The connected landscape has seen the success of the modern business largely determined by the effective application of technologies. Warren Olivier, regional manager of Veeam Southern Africa, looks at how companies need to balance customer and employee engagement with service offerings that create trust and confidence in the company.
One of the critical concerns in this environment is addressing downtime. A competitive business cannot afford a moment’s respite; only a few minutes of inactivity, or lack of access to data or applications, can lead to huge losses.
The Veeam Data Center Availability Report 2014 shows that annual loss from downtime and data loss from legacy backup solutions can total more than R100-million annually.
Businesses need to be ‘Always-On’ and accessible for their key stakeholders, as well as customers, and partners at all times. IT outages have a huge impact on both a company’s immediate profitability but also on its reputation. The loss of confidence resulting from an IT disaster threatens customers’ loyalty and retention.
“Even locally, the impact of downtime on business can be significant. Unplanned IT system downtime could cost companies as much as two percent of their annual profits. And while this financial loss is significant, there is also the cost of lost data and the impact that could have on the longevity of the organisation,” says Olivier.
Cloud and mobility have fundamentally changed how companies engage with their employees and their customers. It is clear that businesses now need to work around the clock and be ‘Always-On’. Data and applications need to be usable 24×7 irrespective of where they are accessed from. The availability of information becomes a critical success factor and systems need to be in place to make sure that it always available.
“A global forecast by Cisco estimates that the number of devices and connections worldwide will reach nearly 21-billion in 2018 from 12-billion in 2013. This will significantly impact load on the network and equipment which will increase in direct proportion to the growth of information. The fact that there will be more hardware and software that offers access to data and applications at any time, mean decision-makers need to have the peace of mind that data failure or loss is taken out of the equation.”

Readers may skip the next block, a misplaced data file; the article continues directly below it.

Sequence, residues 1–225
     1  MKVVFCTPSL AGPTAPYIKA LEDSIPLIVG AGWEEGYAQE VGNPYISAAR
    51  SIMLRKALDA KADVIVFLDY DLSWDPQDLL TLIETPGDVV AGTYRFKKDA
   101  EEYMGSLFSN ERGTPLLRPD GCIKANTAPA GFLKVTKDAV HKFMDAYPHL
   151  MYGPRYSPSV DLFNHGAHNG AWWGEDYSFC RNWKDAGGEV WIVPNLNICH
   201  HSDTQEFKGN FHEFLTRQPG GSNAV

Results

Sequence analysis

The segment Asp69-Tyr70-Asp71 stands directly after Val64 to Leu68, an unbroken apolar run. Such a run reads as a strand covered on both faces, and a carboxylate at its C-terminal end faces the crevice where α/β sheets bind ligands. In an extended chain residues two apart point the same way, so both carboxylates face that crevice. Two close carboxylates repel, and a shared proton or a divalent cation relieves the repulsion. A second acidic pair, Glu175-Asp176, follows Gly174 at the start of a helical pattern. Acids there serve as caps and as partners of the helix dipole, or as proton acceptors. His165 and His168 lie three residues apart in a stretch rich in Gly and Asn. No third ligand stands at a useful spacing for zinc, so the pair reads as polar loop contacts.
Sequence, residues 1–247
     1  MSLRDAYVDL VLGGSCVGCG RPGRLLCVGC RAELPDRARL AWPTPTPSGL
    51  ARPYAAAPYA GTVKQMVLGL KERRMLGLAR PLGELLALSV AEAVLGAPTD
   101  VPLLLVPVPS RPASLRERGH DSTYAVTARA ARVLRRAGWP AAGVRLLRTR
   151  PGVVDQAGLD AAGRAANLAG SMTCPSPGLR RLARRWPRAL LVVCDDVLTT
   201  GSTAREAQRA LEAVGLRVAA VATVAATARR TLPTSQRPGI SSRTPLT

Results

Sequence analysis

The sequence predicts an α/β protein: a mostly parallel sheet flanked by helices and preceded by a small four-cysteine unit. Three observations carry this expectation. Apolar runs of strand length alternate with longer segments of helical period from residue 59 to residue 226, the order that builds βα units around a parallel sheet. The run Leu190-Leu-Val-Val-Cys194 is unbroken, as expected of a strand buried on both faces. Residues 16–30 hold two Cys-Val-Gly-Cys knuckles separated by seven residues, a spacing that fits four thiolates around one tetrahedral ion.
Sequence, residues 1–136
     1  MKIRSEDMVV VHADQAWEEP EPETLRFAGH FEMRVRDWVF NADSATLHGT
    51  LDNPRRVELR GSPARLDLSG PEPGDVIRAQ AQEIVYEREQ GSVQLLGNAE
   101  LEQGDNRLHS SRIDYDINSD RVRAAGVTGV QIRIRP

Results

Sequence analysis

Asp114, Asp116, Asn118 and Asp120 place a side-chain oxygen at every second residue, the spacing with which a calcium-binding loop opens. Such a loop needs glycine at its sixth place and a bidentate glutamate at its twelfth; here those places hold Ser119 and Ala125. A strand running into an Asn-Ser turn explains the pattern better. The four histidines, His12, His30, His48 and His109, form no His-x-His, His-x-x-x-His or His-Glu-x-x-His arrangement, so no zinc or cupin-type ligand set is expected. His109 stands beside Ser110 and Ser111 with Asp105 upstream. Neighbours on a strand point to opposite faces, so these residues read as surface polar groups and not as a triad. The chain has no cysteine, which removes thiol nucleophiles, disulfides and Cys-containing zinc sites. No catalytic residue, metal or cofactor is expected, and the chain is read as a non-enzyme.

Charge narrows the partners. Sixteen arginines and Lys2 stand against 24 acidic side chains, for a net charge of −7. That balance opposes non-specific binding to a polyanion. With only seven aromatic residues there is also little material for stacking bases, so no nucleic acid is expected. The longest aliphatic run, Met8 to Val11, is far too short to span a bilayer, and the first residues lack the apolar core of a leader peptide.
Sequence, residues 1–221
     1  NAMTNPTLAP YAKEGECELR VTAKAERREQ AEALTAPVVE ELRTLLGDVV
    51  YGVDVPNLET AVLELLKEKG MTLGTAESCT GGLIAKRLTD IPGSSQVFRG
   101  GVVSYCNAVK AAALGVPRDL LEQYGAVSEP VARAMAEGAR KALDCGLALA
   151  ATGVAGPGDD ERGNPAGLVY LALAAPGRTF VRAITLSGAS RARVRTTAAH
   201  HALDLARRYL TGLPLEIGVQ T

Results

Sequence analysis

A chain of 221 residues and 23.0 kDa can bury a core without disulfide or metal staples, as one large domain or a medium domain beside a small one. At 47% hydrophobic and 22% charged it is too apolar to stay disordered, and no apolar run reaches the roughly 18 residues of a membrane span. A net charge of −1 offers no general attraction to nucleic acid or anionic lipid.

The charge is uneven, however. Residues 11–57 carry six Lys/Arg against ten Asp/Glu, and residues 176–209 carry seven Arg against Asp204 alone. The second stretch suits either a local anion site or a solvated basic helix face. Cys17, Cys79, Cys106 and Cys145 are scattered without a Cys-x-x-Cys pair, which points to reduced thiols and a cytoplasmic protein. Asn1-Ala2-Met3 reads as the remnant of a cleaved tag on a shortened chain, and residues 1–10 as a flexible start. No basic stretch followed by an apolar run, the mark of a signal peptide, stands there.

Traditionally, this challenge could only be addressed by two types of products: high-quality, high-performance, but expensive solutions that actually were only available to large companies owing to the considerable cost, or affordable programmes, but with a long cycle recovery system.
“The fact that there was a gap between quality and affordable IT was formed largely due to the challenges facing the modern data centre namely the need to optimise the speed of recovery of data and applications and the confidence in achieving complete recovery of information. Today, there are solutions that provide the proper level of protection and availability of data in the data centre whilst also ensuring that the communications channel is consistently optimised,” says Olivier.
He believes that this has signalled the bridging of an important divide in IT providing support for business and a platform for further development of technologies in this field.
“Opting for an effective solution allows businesses not only to minimise the risks of loss and the inability to recover data, but also to enable all companies across industry sectors to put the theory of the Always-On business into practice.”